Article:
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Brexit and the Trade and Cooperation Agreement: Implications for Internal and External EU Differentiation


Brexit represents a unique process of European disintegration. It has introduced a new model of external differentiation that is likely to have future implications for existing differentiation both within the EU and between the EU and third countries. An analysis of the new thin, distant and unfinished EU-UK relationship points to likely growing divergence over time. The technocratic governance structure of the Trade and Cooperation Agreement (TCA) is strained by high-friction politics, and its effectiveness, sustainability and legitimacy remain highly contested. The TCA is a testament to a more hard-line EU approach towards third countries, attempting to signal strongly that membership matters, with flexibilities only benefitting those that sign up to the EU’s core principles.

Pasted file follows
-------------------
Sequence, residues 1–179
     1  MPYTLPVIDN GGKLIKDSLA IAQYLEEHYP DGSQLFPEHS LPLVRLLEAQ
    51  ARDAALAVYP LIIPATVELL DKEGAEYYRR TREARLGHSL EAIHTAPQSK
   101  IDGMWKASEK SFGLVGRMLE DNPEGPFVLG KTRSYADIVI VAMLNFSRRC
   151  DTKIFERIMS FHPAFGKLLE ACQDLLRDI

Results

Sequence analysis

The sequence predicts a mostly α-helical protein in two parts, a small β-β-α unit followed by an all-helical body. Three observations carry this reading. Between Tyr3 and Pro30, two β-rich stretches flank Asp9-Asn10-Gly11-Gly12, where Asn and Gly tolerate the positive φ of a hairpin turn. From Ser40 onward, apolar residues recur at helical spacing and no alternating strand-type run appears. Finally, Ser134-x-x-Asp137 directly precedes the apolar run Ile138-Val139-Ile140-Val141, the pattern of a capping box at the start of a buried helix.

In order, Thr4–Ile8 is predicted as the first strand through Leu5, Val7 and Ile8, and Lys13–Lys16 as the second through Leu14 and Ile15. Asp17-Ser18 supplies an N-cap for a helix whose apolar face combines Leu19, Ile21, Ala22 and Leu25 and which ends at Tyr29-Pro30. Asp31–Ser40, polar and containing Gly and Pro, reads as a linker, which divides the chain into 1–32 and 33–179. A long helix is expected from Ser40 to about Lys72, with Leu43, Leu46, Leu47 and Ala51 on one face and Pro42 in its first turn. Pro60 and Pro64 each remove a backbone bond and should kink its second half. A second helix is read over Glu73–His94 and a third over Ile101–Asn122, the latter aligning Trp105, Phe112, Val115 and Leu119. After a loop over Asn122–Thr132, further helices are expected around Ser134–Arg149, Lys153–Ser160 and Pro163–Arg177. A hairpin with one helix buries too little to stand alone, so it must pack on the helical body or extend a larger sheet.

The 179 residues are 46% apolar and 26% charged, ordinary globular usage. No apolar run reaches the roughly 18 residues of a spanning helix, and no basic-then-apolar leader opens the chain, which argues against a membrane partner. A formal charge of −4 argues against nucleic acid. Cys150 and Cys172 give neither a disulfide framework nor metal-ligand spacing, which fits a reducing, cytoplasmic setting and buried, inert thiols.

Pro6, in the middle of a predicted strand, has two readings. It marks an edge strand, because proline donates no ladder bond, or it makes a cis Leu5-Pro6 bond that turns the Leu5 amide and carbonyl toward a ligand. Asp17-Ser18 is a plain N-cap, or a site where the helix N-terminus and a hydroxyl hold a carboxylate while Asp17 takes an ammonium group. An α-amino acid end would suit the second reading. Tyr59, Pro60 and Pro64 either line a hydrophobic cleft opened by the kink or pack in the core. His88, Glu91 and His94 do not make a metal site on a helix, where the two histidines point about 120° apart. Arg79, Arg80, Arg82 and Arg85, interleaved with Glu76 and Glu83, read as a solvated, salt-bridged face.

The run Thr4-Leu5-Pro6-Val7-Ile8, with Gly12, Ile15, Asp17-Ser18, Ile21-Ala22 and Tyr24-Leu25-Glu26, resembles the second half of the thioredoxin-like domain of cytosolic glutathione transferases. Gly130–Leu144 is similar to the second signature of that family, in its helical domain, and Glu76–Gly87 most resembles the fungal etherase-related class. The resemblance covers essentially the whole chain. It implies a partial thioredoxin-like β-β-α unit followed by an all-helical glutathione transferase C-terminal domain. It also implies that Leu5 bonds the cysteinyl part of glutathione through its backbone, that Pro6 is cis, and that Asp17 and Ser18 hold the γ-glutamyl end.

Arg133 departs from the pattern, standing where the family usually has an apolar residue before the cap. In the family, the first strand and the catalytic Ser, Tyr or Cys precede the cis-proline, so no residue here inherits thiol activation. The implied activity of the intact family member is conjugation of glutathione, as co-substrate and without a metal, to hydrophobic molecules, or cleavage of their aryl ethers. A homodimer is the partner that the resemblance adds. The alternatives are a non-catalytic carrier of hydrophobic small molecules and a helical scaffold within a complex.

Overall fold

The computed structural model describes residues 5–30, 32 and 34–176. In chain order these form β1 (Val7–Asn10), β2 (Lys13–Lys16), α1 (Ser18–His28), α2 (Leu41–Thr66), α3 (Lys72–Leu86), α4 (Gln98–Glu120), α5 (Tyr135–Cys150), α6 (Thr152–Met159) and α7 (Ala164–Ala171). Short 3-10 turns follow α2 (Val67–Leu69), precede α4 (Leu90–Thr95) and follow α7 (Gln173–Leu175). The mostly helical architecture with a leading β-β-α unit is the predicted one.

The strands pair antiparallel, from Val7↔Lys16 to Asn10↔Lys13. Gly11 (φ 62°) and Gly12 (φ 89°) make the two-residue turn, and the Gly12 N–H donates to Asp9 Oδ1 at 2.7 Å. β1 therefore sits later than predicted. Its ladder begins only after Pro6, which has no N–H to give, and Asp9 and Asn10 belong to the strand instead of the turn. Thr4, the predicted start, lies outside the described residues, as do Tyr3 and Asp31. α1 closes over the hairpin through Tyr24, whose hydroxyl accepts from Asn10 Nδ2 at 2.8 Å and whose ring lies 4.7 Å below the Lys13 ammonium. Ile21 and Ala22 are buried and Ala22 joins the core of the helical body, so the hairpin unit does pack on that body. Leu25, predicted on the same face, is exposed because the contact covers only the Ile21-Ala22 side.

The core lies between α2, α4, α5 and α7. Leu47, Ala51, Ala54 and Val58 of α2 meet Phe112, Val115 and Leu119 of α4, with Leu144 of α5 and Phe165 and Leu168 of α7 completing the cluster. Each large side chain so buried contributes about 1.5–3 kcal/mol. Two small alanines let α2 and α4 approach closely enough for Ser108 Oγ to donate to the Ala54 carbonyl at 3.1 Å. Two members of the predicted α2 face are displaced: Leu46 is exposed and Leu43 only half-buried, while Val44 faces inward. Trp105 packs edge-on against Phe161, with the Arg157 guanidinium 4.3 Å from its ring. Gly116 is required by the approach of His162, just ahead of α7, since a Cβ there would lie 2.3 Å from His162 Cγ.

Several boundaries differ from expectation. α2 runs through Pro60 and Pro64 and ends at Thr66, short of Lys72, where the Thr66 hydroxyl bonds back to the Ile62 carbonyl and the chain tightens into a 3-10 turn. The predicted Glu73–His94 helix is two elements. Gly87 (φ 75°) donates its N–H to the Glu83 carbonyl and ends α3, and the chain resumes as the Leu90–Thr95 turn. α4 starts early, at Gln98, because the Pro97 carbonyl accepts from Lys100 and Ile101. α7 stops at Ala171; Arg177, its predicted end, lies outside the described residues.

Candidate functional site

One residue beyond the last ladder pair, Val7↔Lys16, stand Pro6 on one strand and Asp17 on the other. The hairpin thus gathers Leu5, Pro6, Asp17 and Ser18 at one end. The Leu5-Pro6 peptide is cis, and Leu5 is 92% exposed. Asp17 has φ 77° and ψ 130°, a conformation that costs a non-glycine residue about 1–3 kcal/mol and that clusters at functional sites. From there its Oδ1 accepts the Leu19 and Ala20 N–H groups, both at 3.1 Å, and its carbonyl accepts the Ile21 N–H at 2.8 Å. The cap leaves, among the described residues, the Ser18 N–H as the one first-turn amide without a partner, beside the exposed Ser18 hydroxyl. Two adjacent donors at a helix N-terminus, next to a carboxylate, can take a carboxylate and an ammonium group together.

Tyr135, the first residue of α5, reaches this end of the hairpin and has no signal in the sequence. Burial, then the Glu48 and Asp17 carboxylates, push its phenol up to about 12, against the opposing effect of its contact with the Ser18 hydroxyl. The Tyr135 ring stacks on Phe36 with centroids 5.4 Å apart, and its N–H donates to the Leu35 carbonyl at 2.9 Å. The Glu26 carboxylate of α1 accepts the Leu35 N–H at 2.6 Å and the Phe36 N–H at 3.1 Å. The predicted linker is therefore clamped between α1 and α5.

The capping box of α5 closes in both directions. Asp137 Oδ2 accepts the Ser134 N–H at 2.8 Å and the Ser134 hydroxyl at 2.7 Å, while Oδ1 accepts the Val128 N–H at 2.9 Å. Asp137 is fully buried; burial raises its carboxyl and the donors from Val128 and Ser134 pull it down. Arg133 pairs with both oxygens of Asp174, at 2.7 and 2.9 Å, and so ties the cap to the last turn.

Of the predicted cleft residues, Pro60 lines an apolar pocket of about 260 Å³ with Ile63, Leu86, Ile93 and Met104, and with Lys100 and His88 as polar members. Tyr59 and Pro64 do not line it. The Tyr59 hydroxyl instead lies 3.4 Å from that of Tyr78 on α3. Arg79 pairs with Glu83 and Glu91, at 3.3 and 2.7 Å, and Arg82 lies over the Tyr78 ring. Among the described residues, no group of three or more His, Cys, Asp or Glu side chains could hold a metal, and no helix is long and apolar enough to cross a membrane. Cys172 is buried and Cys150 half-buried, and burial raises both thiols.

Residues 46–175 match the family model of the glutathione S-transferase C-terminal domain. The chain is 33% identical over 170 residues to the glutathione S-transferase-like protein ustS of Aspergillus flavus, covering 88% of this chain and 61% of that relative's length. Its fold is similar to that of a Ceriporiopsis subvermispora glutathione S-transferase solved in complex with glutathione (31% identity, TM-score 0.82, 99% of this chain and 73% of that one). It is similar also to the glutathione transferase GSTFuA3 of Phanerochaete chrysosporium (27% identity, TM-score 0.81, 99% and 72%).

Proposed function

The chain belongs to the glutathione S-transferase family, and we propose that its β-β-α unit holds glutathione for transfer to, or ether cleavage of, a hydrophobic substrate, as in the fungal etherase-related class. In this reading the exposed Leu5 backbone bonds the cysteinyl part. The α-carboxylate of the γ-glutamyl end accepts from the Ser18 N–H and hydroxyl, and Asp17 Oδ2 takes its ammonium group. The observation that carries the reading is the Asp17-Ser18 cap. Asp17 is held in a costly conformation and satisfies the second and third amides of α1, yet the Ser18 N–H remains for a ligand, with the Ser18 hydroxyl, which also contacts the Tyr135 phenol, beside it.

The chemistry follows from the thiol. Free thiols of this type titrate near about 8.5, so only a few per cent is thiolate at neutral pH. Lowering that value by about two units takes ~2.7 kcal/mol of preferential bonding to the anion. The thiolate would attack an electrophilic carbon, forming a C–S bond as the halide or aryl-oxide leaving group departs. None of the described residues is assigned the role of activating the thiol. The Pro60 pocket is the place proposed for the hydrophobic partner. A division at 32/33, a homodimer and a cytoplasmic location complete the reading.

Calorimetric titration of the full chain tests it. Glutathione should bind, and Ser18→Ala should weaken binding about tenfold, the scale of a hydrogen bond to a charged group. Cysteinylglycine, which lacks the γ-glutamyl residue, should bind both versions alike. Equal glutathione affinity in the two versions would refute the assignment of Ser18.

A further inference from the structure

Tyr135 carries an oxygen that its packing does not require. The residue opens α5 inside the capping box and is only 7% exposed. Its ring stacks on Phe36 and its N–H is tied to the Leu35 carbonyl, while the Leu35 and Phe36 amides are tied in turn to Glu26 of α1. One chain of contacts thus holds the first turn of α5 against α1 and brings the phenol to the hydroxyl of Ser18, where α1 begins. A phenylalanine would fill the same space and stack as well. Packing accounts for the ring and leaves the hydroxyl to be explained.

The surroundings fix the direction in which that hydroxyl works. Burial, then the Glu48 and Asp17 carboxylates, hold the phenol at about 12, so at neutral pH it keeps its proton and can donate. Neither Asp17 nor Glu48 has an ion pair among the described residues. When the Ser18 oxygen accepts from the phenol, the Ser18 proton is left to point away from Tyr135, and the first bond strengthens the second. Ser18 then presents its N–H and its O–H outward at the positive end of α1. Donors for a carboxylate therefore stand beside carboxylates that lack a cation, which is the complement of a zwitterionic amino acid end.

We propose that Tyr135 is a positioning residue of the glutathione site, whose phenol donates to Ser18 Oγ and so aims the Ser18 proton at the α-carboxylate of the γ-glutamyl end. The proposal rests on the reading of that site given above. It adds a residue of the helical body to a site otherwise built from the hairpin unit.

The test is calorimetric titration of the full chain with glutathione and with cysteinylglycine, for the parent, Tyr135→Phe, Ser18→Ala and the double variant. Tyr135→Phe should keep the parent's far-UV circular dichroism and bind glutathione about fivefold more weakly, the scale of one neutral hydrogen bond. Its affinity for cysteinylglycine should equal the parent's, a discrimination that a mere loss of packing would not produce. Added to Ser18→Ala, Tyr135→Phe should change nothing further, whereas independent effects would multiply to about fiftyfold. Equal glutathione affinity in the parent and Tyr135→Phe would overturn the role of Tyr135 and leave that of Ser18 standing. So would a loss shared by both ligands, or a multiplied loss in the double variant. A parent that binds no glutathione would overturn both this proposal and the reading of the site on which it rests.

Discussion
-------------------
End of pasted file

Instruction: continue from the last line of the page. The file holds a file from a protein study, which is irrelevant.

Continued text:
Keywords: Brexit; differentiated integration; Trade and Cooperation Agreement; EU-UK relationship

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